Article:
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Trump’s evangelical meetup left me with YUGE questions

(RNS) I was there for his tightly scripted 'conversation' with 900 conservative Christians but learned little about how his faith shapes his politics.

Presumed  Republican  presidential  nominee  Donald  Trump  addresses 
evangelical  Christian  leaders  during

(RNS) He needs no introduction, nor does he need forgiveness — at least in his eyes.

On Tuesday (June 21), I joined more than 900 other predominantly evangelical Christians from around the country to engage in a conversation with Donald Trump at a Manhattan hotel on Times Square.

One might say it was “YUGE.”

The presumptive Republican nominee took predetermined questions that were couched in praise from pre-selected evangelical leaders. Billed as a “conversation,” the event felt more like a cross between a revival meeting and a campaign rally, all guided by the moderator Mike Huckabee — a former Baptist pastor and Arkansas governor.

TRANSCRIPT: Donald Trump’s closed-door meeting with evangelical leaders

Although some of the evangelical leaders were obviously curious about what Trump would say, most seemed satisfied with what he already had said. Between the amens and applause, Trump answered questions covering a range of topics, including religious liberty, immigration, Israel and the military.

After a little more than 90 minutes of questions, Trump, like Elvis, left the building.

And he left a lot of unanswered questions behind. Those questions were then posed to a panel of nine participants representing the various strata of evangelical cultural engagement, from pro-life leaders to religious liberty lawyers.

Members of the audience, which was now much smaller, wound up voicing their opinions as much as asking questions.

One individual proudly proclaimed that he was a former homosexual and wondered what the panel thought of Trump’s relative silence on the LGBT movement. Following the Trump model, the responses were varied and failed to answer the question. But he did get applause from the crowd as a parting gift.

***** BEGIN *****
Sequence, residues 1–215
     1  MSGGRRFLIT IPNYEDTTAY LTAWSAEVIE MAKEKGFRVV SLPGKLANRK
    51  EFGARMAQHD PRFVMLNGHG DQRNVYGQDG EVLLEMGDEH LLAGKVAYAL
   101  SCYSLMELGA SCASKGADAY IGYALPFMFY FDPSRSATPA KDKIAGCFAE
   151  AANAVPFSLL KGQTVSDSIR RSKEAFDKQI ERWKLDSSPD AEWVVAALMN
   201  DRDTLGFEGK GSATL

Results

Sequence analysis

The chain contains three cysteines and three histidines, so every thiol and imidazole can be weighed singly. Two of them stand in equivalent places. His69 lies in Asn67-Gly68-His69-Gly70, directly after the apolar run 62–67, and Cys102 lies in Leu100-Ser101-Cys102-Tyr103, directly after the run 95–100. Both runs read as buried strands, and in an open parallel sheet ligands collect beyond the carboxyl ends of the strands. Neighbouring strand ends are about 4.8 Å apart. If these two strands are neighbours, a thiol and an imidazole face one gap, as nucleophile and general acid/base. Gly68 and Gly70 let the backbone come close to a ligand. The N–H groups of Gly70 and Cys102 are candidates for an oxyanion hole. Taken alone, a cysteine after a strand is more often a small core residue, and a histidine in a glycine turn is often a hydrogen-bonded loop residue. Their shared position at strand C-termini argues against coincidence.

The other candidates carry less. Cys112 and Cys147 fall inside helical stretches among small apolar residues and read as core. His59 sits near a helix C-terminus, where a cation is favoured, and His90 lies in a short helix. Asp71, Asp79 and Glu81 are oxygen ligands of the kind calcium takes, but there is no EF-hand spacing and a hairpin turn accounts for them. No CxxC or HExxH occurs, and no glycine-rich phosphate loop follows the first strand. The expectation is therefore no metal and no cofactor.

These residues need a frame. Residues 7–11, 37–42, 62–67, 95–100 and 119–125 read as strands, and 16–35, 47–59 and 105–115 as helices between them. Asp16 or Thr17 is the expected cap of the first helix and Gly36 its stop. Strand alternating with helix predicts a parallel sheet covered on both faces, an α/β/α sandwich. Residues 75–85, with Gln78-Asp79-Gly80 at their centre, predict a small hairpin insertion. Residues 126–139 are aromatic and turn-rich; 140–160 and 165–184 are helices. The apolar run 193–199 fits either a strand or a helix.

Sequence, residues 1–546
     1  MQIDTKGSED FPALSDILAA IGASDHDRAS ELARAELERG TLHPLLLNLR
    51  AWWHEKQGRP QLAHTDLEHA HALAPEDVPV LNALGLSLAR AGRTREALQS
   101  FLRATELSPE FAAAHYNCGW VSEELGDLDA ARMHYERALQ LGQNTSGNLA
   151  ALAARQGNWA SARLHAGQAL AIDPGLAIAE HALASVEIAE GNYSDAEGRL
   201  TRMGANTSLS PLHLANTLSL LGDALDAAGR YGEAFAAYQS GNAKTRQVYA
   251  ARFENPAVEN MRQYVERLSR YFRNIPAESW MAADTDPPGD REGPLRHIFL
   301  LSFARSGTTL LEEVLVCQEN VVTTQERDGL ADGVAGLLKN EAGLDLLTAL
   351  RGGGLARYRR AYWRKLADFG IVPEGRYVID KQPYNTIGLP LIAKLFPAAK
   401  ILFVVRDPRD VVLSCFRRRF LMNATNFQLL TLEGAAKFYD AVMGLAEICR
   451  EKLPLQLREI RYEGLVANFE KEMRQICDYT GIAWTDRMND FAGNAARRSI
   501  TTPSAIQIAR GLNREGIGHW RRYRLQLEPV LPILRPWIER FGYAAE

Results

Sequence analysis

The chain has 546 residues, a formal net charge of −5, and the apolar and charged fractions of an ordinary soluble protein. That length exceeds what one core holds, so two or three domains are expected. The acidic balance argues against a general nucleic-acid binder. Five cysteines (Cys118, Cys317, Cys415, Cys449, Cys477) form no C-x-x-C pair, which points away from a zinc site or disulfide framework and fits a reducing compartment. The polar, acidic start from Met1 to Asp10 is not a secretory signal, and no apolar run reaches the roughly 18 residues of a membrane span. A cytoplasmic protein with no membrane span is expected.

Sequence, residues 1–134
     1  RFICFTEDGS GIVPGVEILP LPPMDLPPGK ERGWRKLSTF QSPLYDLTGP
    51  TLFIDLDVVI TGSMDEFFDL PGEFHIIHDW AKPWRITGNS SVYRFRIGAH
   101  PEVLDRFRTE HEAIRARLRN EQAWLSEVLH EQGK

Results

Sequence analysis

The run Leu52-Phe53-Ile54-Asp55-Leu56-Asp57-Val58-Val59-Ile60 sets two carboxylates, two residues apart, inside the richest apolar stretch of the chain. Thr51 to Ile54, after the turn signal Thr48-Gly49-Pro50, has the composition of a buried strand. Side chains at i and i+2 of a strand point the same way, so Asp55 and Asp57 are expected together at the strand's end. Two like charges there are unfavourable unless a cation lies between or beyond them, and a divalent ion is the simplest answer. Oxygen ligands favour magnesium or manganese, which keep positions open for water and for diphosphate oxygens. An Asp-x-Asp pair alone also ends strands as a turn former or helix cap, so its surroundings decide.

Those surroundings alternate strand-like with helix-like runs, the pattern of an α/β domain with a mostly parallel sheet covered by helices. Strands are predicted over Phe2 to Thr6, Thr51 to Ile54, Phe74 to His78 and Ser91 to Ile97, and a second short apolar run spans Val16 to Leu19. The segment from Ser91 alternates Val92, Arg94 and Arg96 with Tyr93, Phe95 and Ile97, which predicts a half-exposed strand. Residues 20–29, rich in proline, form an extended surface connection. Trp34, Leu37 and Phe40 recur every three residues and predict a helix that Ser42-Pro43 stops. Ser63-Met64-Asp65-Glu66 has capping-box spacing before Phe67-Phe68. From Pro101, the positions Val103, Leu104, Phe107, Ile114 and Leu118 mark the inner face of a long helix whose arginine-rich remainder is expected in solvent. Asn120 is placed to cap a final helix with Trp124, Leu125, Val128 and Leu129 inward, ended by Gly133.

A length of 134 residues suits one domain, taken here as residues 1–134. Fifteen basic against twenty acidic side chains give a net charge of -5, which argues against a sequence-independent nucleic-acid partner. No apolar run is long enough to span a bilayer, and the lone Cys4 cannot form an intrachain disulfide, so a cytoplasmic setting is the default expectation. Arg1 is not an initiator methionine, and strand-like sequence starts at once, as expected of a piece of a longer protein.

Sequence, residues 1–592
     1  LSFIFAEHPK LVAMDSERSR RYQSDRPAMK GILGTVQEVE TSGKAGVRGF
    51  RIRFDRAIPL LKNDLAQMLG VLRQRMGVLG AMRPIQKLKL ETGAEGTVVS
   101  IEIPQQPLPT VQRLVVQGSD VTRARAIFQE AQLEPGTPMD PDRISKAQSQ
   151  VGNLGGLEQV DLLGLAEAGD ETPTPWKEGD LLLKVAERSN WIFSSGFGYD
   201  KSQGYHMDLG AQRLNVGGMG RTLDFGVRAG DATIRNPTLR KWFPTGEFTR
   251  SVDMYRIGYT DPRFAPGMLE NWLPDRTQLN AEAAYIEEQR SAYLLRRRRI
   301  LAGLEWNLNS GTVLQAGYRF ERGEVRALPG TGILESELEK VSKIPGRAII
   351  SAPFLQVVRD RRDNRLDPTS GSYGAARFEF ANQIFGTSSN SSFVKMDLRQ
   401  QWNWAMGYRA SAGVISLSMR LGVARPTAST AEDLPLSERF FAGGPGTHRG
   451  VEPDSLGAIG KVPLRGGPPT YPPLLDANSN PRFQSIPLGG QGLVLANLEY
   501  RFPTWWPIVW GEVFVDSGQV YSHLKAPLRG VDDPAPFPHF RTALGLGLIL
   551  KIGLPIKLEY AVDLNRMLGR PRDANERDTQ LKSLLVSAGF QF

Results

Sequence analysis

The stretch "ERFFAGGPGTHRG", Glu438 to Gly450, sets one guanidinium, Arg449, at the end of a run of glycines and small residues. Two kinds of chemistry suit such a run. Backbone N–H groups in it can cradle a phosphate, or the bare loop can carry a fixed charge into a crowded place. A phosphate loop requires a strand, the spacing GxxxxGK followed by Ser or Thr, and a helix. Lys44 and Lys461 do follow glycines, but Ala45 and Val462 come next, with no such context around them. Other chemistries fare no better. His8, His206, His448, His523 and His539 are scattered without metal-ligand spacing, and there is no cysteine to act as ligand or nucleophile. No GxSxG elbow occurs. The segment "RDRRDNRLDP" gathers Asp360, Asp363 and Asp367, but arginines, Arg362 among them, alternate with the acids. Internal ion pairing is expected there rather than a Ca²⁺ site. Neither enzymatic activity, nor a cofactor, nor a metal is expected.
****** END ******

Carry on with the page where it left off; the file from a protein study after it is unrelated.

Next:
Another person gave a testimony concerning the plight of military leaders under the Obama administration. This was less of a question and more of a soapbox. But he also left with a parting gift of applause from the crowd.

Yet there were no questions regarding Trump’s faith. No one came into the room to hear Trump’s opinion regarding the current Trinitarian debate, but it would have been nice to hear how his faith shaped his understanding and responsibility toward the unborn — among other issues.

Instead of reasoned and thoughtful responses, audience members got a series of non sequiturs, basically audible tweets.

Maybe that’s because Huckabee had already settled the faith question earlier in the morning. The former governor sought to ease Trump’s nerves — if he was in fact anxious — by saying this was not a theological debate or a game of dogma gotcha. This was a conversation over the future of America.

READ: Evangelicals give Trump much-needed boost after Manhattan summit

“Moderator” may be the wrong word to use for Huckabee. The concept of moderator comes from the idea of being a manager or director. Huckabee was less of a moderator and more of a sidekick. He was Ed McMahon and Trump was Johnny Carson. Or, for millennials, you might say he was Pitbull chiming in every now and then.

Huckabee proclaimed that Trump was “God’s man to lead our country.” According to Huckabee, people have come to support Trump because of the abyss that our country has fallen into. Unsure what to do, they look to Trump for guidance. Huckabee seemed to think that was just fine.

Huckabee’s first “question” had to do with his admiration of Trump’s parenting. The former candidate reflected on the love and support Trump received from his children after each debate. Huckabee said that it is easy to put on a show in front of the cameras; it is harder behind the scenes.

But we were there, behind the scenes, as it were, and some of us wanted to know what Trump plans to do about ISIS, a terrorist group that uses women and children as shields and slaves. We wanted to hear about an immigration plan that is more than barring people because of their Muslim faith.

Those are the kind of questions we needed to ask, and the information we as believers — and voters — need before we cast a ballot in November. We are not voting for a father in chief, but a commander in chief.

Though there were no cameras allowed in this conversation with Trump, there was also nothing new — except increased support among evangelical leaders for Trump, and my unanswered questions.

(J. Nick Pitts, a doctoral candidate and adjunct professor at Dallas Baptist University, is director of cultural engagement at the Denison Forum on Truth and Culture)

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